DAY 656: To Count and Not To Count

April 17, 2014
By bethmordecai
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DAY 656: To Count and Not To Count


Human beings love to count. Whether we are counting sheep in our sleep or attendees at services, there is something built into our DNA that enjoys the act of counting. It soothes us and it gives us a sense of accomplishment, especially when we reach a desired number at the end of our counting. Yet, Judaism teaches us that while counting is an inevitable part of life, we must also be wary of the dangers of putting too much stock in numbers.
As the Magen Avraham, a 17th century Polish commentator on the Shulkhan Arukh, writes in one of his long comments on Orah Hayyim (156:2), it is forbidden to count Jews:

אסור למנות ישראל אפילו אינו מכוון למנות רק להטיל גורל אפילו לדבר מצוה אלא מוציאין אצבעותיהם ומונין אצבעותיהם [יומא דף “כב” עמוד “ב”]ש

It is forbidden to count even if the intention is only to “count lots,” even for the matter of a mitzvah, but rather they must raise their fingers and you can count their fingers (Talmud Bavli: Masekhet Yoma — 22b)

The section of the Talmud (Yoma 22b) that Magen Avraham refers to elaborates on this principle, and how you can get around the issue of counting individual Jews by counting fingers instead:

ואם היו שניהן שוין הממונה אומר להם הצביעו וכו’. תנא: הוציאו אצבעותיכם למנין, ונימנינהו לדידהו! – מסייע ליה לרבי יצחק, דאמר רבי יצחק: אסור למנות את ישראל אפילו לדבר מצוה, דכתיב (א שמואל יא:ח) “ויפקדם בבזק.” מתקיף לה רב אשי: ממאי דהאי בזק? לישנא דמיבזק הוא, ודילמא שמא דמתא הוא, כדכתיב (שופטים א:ה)“וימצאו אדי בזק.” אלא מהכא. (א שמואל טו:ד) “וישמע שאול את העם ויפקדם בטלאים.”

IF TWO WERE EVEN, THE OFFICER WOULD SAY TO THEM RAISE THE FINGER, etc. A Tanna taught: “Put forth your fingers for the count, but let him count them!” That supports the statement of Rabbi Isaac, for Rabbi Isaac said: “It is forbidden to count Israel even [for the purpose of fulfilling] a commandment, as it is written: “And he numbered themb’vazek [with pebbles] (I Samuel 11:8). Rabbi Ashi argued against this: “How do we know that the word “bezek” is here used in the sense of “being broken” [i.e. “pebbles”]? Perhaps it is the name of a place, as it is written: “And they found Adoni-vezek in Bezek” (Judges 1:5)! — Rather [the true proof text that you count people by counting objects] is from here: “And Saul summoned the people and numbered them with t’laim [sheep]” (1 Samuel 15:4).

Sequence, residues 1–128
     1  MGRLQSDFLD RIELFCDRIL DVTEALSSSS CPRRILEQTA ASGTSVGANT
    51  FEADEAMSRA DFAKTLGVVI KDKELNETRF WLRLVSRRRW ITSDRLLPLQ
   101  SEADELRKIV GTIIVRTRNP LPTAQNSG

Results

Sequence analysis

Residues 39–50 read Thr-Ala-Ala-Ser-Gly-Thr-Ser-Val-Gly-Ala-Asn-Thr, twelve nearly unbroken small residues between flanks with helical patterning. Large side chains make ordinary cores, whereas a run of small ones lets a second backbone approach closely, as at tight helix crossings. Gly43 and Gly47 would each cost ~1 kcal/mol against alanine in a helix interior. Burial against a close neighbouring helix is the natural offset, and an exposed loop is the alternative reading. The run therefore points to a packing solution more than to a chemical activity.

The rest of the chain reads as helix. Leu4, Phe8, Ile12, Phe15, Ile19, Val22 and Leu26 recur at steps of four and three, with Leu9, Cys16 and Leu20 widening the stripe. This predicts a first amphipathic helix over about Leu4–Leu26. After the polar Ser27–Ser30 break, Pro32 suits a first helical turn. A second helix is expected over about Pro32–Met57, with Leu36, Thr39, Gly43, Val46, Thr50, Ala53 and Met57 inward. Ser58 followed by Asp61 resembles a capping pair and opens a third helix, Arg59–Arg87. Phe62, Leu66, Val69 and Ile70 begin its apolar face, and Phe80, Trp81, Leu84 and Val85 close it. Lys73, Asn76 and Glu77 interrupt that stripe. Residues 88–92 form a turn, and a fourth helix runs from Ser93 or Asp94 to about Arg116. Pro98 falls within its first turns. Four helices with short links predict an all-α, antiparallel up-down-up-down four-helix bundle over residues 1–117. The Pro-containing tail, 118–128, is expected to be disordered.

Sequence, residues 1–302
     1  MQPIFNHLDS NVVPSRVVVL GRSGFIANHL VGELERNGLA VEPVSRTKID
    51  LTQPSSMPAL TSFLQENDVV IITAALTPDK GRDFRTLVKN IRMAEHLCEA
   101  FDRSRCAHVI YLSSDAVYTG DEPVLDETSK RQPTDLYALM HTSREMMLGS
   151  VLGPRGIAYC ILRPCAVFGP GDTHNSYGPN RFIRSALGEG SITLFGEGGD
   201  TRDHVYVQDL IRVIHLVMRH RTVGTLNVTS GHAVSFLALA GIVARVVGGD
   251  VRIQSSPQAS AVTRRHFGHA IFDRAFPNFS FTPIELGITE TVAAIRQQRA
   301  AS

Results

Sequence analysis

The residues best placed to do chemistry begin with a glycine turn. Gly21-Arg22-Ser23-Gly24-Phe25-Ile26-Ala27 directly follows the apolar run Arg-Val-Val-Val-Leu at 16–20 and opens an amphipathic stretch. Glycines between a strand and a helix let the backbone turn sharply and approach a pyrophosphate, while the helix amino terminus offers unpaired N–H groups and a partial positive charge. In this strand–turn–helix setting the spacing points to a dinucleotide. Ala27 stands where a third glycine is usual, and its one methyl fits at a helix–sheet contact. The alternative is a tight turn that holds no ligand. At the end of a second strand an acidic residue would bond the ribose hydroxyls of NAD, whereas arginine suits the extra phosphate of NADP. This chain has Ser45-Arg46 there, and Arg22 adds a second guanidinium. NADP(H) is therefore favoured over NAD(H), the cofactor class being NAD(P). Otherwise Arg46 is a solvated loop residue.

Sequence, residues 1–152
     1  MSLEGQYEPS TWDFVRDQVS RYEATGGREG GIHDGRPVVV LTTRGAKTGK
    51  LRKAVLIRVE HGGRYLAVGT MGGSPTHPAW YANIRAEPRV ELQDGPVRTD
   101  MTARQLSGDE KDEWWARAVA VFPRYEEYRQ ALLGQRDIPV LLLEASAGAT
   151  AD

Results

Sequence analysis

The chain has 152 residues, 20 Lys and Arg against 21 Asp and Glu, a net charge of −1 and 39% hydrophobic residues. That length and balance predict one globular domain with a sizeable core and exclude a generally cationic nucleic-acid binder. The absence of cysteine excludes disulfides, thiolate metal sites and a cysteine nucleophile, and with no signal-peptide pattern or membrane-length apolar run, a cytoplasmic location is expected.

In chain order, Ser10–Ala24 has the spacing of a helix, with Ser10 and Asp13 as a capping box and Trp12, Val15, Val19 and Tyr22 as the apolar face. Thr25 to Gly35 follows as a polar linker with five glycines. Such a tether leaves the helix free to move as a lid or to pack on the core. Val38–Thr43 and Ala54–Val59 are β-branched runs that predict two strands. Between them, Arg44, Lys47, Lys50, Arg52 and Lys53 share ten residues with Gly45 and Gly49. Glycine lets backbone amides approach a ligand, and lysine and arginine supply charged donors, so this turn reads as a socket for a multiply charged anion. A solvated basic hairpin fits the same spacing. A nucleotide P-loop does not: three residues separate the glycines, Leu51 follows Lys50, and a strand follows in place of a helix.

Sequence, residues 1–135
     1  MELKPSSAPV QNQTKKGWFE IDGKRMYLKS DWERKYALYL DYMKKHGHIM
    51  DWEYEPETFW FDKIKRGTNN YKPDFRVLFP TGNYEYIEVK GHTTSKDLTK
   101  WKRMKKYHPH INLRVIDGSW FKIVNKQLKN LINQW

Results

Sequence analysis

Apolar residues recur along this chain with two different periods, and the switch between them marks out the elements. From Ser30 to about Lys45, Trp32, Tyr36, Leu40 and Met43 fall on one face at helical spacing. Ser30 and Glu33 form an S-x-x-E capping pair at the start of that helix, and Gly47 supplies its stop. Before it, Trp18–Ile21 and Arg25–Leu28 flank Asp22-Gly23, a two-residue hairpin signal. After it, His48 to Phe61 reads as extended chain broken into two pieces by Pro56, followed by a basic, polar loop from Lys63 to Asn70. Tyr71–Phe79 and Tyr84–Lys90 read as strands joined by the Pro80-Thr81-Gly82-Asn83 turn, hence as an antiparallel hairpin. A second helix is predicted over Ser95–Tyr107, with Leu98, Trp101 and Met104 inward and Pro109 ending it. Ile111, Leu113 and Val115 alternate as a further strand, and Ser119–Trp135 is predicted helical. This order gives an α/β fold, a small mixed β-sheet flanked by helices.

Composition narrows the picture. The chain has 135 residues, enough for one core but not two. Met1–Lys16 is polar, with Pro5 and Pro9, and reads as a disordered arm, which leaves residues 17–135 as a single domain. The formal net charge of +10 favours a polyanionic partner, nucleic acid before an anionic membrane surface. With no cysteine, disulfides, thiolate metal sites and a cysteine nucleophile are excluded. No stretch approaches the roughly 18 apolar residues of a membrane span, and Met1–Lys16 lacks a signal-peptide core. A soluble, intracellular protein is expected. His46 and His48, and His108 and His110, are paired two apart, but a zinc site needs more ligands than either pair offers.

By counting objects like fingers, or pebbles, or sheep instead of people, our tradition teaches us that the value of each individual person is immeasurable, while still upholding the value of counting. We need to count people for a minyan, we need to count how we’re growing as a synagogue, but instead of counting individuals we count objects (or words, as in the case of counting people for a minyan), to stand in for people. 
Or, as in the case of this time between Passover and Shavuot, we count an omer as a stand-in for the growth of our souls. 
As we move between the end of our slavery at Passover to the establishment of our connection with God at Shavuot, we have an opportunity for each of us to grow our souls and count our progress towards a greater connection with God. This spiritual journey is not an exact science with a precise number of steps, but by counting the omer as individuals or together as a community we can use the act of counting to help us along that journey.
Kol Tuv,
Rabbi Ari Saks
P.S. Yesterday, that spiritual journey began for a few members of our community who participated in our Second Day of Passover “Come Omer To My House” program, and it will continue for the rest of our community either online or during our services over the next two months. 
P.P.S. Below you’ll find a listing of the days and times we will be counting the omer as a community and during each of these times we will have an opportunity to use the act of counting to build a closer spiritual connection with God using some teachings from “Counting The Omer: A Kabbalistic Meditation Guide” by Rabbi Min Kantrowitz.

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